When Bob Galbraith started the Opera Company of North Carolina (OCNC) in 1996 we were dubious, wondering whether this would be one more mediocre semi-professional undertaking for the provinces. But Galbraith, with international singing experience under his belt and an impresario’s personality, knew what it takes to stage a first-rate production: Hire superior singers with ample experience for the lead roles, a good orchestra and conductor, beg, borrow or steal interesting stage sets, use some imaginative tweaking of the plot, and the results can be first-rate, as attested to in past years by his The Magic Flute, Madama Butterfly and Carmen .

This weekend he scored again with Giuseppe Verdi’s La Traviata , just behind La Bohème in the operatic potboiler category. For the leading role of the consumptive courtesan Violetta Valery, soprano Jennifer Casey Cabot captivated the audience with a voice, acting ability and looks that were totally convincing as she descended from flighty hostess to lover, maligned woman and dying TB patient in turn. She has a clear and carrying voice, with excellent intonation, good diction and little vibrato.

Tenor Gran Wilson, as her lover Alfredo Germont, was a good match, although the volume of his voice was occasionally no match for Cabot. As befits the role, he was persistently passionate but he added to it a convincing air of the spoiled and not overly bright child in his acting and appearance. He was best in the love scenes and in his contrition during the death scene, while his anger during the confrontation with Violetta and with his adversary in love, Baron Douphol, was less convincing.

As Georgio Germont, Alfredo’s father, Robert Gardner displayed a resonant wide-ranging baritone, but his performance was marred by his unchanging facial expression reminiscent of a surly teenager sitting across you at the breakfast table. The expression never changed, whether he was haughty and pleading in the garden scene, or sorrowing and contrite at Violetta’s death.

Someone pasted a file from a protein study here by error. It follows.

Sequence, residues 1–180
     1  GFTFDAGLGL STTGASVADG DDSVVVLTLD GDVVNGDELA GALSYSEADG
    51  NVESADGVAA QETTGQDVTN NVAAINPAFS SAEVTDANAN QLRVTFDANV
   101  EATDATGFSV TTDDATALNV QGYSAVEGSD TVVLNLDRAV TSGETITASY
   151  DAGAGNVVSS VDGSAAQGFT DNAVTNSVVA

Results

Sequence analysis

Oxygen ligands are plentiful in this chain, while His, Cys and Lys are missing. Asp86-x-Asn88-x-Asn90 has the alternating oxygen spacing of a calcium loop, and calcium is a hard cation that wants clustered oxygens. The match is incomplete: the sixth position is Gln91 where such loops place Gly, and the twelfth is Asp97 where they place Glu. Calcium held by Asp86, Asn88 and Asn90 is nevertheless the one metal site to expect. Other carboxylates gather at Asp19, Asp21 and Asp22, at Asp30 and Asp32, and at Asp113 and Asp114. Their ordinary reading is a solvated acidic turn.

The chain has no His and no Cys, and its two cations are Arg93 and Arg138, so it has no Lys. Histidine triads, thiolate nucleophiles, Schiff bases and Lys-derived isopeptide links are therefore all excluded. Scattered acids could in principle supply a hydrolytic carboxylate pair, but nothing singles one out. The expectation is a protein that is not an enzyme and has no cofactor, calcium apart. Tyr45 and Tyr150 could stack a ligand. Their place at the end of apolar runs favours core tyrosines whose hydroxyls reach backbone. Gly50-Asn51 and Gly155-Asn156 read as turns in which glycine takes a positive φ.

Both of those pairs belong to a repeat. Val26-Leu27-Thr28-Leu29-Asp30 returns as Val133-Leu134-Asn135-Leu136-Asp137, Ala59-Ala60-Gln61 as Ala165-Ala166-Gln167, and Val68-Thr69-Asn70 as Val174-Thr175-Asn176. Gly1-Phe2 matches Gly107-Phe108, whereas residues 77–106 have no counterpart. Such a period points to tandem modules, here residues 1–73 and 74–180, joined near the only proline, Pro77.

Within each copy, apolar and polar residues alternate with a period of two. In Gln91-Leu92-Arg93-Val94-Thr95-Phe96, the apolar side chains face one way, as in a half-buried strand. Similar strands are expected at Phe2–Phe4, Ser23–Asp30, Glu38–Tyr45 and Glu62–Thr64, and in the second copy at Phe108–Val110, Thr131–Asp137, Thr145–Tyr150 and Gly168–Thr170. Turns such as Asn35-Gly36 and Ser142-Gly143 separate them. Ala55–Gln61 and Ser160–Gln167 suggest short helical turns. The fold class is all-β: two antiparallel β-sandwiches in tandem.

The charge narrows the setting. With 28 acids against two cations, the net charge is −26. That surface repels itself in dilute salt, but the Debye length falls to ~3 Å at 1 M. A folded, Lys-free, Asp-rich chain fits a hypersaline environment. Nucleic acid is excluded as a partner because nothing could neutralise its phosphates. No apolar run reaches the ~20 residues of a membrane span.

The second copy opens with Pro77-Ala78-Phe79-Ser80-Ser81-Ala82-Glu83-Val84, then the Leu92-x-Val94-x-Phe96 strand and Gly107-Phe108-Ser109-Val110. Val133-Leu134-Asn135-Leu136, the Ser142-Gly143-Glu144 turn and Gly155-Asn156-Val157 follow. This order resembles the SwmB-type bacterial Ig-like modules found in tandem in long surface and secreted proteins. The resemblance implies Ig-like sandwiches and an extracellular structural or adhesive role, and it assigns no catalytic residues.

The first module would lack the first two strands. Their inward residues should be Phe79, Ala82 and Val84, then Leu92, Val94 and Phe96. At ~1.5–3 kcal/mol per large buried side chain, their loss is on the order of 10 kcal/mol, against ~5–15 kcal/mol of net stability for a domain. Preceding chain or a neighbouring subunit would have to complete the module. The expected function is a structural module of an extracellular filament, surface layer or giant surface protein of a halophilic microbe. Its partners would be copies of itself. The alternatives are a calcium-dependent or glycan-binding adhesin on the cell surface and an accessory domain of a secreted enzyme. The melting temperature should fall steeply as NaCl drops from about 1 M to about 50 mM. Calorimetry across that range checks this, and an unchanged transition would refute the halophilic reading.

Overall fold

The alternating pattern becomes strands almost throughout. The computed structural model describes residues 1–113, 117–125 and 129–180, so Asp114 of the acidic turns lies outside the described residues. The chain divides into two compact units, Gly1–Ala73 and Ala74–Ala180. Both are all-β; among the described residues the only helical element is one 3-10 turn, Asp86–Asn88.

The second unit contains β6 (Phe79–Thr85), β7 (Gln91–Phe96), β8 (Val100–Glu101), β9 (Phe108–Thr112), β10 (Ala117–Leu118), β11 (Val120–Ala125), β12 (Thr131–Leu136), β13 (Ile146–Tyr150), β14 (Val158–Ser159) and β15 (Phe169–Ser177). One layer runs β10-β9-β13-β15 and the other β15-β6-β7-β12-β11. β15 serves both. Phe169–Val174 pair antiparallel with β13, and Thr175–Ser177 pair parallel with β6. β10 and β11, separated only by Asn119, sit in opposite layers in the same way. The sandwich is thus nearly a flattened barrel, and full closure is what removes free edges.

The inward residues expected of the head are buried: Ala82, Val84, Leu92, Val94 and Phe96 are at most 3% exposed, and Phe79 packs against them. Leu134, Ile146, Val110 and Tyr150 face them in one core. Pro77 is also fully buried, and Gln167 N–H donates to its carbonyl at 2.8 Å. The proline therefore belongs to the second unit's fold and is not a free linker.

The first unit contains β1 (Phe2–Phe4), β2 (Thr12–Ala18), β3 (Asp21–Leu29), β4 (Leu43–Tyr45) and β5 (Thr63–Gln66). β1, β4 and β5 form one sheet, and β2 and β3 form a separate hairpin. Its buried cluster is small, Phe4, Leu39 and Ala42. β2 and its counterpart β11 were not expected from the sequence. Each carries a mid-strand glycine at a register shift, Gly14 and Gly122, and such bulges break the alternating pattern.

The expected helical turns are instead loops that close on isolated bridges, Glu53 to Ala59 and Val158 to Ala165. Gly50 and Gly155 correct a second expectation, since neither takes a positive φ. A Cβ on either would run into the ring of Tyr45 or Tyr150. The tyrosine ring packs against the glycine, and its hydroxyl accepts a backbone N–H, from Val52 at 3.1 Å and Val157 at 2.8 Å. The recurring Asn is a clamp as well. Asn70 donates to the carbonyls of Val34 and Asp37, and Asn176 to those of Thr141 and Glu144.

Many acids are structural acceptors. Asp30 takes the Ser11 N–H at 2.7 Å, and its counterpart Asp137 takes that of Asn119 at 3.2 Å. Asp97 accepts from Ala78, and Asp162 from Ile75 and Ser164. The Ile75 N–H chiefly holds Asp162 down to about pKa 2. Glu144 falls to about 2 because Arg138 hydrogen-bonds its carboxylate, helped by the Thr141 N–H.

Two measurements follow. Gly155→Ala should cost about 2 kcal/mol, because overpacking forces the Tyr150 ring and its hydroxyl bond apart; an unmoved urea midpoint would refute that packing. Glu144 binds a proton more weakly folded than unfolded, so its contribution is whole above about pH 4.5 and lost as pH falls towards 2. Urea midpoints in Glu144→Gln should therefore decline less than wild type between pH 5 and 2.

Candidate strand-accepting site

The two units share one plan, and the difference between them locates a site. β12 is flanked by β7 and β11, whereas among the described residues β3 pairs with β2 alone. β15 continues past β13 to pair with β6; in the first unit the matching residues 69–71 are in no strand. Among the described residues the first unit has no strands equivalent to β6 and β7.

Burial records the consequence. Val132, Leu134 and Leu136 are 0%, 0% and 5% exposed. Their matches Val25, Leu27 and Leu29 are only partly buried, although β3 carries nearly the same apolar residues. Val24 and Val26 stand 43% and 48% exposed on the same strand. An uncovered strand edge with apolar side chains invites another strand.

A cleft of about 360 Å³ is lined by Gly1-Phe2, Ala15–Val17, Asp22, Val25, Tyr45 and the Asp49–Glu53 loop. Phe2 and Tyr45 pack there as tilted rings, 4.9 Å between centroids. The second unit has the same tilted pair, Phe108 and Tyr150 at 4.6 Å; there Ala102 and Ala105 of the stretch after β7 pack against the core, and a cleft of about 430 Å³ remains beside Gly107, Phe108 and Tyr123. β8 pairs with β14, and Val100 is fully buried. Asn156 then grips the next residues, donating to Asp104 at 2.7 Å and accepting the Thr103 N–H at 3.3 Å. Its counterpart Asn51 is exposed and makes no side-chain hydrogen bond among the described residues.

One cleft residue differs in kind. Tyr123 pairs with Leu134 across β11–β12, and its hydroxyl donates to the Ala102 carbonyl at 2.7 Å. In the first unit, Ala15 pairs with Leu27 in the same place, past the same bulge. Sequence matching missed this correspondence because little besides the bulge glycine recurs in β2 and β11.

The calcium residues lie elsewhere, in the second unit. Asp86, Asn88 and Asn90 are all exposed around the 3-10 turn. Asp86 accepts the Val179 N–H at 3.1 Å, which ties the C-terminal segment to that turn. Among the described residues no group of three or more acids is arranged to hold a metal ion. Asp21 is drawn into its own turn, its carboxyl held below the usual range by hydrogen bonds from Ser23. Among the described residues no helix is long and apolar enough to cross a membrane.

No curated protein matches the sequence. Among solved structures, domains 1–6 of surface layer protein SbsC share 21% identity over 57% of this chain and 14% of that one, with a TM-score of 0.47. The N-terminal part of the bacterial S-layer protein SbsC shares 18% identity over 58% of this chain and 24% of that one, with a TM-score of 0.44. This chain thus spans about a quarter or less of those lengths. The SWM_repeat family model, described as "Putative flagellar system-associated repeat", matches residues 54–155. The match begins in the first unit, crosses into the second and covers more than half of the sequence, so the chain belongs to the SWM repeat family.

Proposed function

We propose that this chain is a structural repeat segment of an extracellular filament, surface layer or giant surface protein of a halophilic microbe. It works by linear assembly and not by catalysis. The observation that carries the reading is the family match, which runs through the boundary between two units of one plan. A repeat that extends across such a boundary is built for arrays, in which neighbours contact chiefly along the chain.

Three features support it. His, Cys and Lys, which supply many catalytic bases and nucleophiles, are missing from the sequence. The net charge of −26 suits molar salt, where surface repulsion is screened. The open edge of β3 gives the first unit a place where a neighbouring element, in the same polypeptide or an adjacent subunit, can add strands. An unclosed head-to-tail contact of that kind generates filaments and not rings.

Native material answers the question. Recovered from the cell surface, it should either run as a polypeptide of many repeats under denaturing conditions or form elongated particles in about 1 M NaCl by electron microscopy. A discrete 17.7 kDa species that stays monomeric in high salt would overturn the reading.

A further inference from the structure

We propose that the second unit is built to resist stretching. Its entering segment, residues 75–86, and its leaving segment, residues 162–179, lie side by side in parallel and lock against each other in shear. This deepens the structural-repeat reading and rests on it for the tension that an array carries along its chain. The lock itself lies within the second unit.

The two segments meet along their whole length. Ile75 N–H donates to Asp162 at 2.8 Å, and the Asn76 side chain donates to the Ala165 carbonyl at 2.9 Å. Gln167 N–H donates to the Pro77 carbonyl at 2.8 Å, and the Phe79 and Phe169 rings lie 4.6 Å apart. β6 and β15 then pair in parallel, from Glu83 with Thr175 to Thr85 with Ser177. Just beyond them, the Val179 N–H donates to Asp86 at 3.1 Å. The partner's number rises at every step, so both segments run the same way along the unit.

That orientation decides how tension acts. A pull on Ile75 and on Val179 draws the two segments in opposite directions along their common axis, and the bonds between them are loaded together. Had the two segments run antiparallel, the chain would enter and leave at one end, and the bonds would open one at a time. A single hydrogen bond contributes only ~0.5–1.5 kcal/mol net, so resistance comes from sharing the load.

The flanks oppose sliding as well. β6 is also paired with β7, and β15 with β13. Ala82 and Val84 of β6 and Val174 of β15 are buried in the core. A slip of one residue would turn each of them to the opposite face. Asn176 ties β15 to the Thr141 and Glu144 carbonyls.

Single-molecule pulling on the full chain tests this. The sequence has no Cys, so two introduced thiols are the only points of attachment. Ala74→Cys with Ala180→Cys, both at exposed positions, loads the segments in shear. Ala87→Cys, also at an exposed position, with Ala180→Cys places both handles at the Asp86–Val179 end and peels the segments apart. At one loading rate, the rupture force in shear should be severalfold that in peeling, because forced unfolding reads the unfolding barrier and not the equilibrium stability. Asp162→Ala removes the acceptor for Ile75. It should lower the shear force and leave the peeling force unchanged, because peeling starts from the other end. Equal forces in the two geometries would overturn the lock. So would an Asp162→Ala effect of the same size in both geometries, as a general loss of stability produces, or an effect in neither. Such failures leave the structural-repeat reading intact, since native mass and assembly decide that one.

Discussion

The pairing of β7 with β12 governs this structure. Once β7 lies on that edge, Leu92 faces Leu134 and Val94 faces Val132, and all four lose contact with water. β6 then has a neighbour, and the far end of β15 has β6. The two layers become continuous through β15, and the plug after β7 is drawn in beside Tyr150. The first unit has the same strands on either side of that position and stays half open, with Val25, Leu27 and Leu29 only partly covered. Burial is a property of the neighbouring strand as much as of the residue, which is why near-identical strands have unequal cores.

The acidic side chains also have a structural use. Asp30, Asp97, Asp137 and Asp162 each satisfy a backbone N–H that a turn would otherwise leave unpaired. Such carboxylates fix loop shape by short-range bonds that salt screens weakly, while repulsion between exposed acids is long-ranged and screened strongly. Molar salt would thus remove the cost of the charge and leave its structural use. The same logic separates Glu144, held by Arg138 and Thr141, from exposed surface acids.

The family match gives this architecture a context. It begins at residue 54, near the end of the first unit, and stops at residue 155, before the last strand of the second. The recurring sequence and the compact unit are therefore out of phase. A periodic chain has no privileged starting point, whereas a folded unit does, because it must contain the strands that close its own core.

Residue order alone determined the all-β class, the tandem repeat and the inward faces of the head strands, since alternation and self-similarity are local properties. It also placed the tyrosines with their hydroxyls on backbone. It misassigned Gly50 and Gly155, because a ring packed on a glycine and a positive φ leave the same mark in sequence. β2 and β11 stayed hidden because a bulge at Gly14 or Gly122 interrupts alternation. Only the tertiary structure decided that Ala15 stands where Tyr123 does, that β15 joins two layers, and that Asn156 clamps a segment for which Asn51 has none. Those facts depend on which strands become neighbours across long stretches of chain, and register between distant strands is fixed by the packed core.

Galbraith assembled some of the best of the area’s musicians for a sizable and excellent orchestra. Unfortunately the pit at Memorial is too small and the three basses had to sit at stage level on the left. As a result their tone was very pronounced and definitely did not blend with the rest of the orchestra. Conductor Daniel Beckwith, with wide-ranging experience in opera conducting, brought out the drama in the music and was sensitive to the orchestral balance with the singers.

The sets for this production were original in several senses: The stage was sharply raked and turned diagonally so that the downstage area came to a sharp point cantilevered over the orchestra pit. This overall design made some of the action more intimate, especially in the final scene in Violetta’s bedchamber, where the reconciliation of the lovers on a chaise longue set at the point of the cantilever isolated them in their own private world from the rest of the ensemble. Stage director Grethe Barrette Holby also emphasized Violetta’s frailty from the start by showing her in mime during the opening prelude recovering from her penultimate illness examined by Dr. Grenvil (Rory Bain). Her illness thereby cast a pall over the entire opera, difficult to forget even at her recovery party in Act. I.

La Traviata is not as easy to stage as it might appear. Two scenes involve crowds of milling chorus members who have to spill on and off the stage without a traffic jam. Most directors choose to enlist the corps de ballet to handle the gypsy dance Act II, 2, but in this performance Flora’s soirée was, as the Brits say, fancy dress. Her guests came in the kind of costume you’d find in the remnant room of a bridal salon and were obliged to prance around like gypsies and bullfighters. In the midst of all this pseudo-Spanish soiree, well-known flamenco dancer Carlota Santana was hampered and crowded by too many people who didn’t know what to do with their feet. The faux-matadors ran around trying to spear a piñata-a Mexican, not Spanish, custom-looking very silly indeed.

But these are cavils; maybe the point was to make these useless French aristocrats look as foolish as they were. And despite the absence of program notes, all in all, Galbraith treated the Triangle grand opera buffs to a fine show managing to emerge as the survivor in the local cut-throat opera company war.

If you missed Friday’s performance, there is another one on Sunday, April 7, at 2 pm. Make it if at all possible. You won’t regret it.